As a general basis, managers usually consider that students who lived abroad have more managerial skills, know how to adapt to new situations especially intercultural situations. And usually, they are not afraid to go working abroad.

Still not convinced that you need international experiences?

Stop hesitating, pack your bags and go have an amazing experience that you won’t forget to find out by yourself!

More information on the Erasmus program:

http://ec.europa.eu/education/lifelong-learning-programme/doc80_en.htm

Few testimonies:

http://www.qub.ac.uk/schools/SchoolofEnglish/FileStoregeneral/DeborahONeill/Filetoupload,101315,en.pdf

http://www.i-studentlife.com/2009/08/alec-wilding-my-erasmus-experience

http://erasmusu.com/en/erasmus-experiences

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We all have stereotypes about certain cultures. Sometimes, they are based on our own experiences, sometimes they are not. We imagine Dutch people as greedy, with blond hair and pants too short, English as real gentlemen, stylish and drinking tea, Spanish people as Casanovas taking a nap, German as always on time or Russians as cold and big on vodka…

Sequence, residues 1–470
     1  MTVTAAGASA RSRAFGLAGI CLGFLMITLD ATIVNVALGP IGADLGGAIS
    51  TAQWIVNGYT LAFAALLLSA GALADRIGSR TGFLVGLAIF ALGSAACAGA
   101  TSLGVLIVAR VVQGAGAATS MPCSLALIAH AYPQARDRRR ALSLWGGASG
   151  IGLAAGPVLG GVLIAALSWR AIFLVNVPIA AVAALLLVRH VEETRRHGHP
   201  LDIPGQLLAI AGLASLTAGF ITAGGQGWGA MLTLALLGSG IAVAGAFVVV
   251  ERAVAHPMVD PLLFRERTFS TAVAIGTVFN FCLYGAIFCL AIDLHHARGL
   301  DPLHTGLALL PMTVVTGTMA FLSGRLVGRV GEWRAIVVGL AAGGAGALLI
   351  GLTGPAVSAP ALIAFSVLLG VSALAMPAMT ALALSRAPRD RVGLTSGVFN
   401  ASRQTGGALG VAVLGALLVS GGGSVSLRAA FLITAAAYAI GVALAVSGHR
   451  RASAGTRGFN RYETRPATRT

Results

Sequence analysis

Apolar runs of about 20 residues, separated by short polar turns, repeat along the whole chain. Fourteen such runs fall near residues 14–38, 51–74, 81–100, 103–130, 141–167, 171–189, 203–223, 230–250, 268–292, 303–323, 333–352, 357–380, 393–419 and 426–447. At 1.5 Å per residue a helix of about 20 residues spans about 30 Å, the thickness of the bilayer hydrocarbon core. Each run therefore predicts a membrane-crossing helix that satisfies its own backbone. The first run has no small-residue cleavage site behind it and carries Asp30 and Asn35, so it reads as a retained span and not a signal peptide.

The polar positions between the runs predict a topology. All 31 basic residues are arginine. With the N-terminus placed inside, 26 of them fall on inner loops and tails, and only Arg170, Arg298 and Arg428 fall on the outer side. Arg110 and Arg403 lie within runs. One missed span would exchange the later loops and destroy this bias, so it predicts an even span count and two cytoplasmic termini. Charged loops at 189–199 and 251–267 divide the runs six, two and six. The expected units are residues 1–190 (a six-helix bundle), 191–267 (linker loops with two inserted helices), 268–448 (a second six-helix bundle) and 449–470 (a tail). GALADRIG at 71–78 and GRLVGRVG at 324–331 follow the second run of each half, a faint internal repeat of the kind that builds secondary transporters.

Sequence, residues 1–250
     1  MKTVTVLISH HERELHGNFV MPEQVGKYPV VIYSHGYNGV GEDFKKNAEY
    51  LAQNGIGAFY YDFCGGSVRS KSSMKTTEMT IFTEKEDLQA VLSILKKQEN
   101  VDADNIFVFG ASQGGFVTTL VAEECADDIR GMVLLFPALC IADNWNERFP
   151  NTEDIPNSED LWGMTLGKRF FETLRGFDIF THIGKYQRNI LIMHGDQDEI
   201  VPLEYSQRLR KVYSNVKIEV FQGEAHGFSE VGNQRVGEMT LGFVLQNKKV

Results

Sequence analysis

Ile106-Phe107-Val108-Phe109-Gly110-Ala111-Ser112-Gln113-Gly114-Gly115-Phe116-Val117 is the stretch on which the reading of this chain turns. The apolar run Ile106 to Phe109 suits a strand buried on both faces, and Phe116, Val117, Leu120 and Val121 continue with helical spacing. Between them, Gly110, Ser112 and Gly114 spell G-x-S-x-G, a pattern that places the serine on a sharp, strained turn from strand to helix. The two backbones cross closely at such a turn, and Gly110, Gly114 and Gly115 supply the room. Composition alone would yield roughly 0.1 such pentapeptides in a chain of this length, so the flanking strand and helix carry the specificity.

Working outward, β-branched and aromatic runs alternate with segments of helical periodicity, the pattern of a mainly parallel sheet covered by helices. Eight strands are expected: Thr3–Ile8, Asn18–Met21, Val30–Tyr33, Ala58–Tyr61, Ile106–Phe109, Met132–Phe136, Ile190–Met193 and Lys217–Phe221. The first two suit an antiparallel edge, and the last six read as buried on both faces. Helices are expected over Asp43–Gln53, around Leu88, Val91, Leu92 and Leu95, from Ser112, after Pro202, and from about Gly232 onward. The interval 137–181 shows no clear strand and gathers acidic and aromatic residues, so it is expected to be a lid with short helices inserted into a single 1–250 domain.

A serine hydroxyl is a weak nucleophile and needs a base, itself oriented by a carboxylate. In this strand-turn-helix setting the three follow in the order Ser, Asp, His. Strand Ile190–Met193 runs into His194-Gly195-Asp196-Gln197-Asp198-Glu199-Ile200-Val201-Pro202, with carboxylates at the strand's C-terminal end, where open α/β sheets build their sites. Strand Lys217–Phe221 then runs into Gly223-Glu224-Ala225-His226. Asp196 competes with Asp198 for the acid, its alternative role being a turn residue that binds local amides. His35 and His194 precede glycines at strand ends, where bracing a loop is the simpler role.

Stereotypes have always existed, no matter the culture, and they are usually reinforced by their existence in literature and the media. The discipline in charge of creating such image is known as imagology. Even if there is still little research done in this field, it is really interesting. Joep Leerssen, professor of Modern European Literature at the University of Amsterdam, is a real pioneer. He published a book entitled “Imagology, The cultural construction and literary representation of national characters”, in which he describes stereotypes of certain cultures and nationalities throughout History.

More recently, this approach is found in the works of Ferber & Davies. In their book “Pardon our French: French stereotypes in American Media”, they focus on the image that Americans have of French people. They are seen as romantic, handsome, unpleasant, arrogant, pedantic, bossy, quarrelsome, negative, selfish, immoral, food-loving and elegant. In addition, they smell bad, they don’t shave, they talk but can’t make decisions, they don’t obey rules and don’t comply with deadlines and procedures, they go on strike for anything and smoke all the time.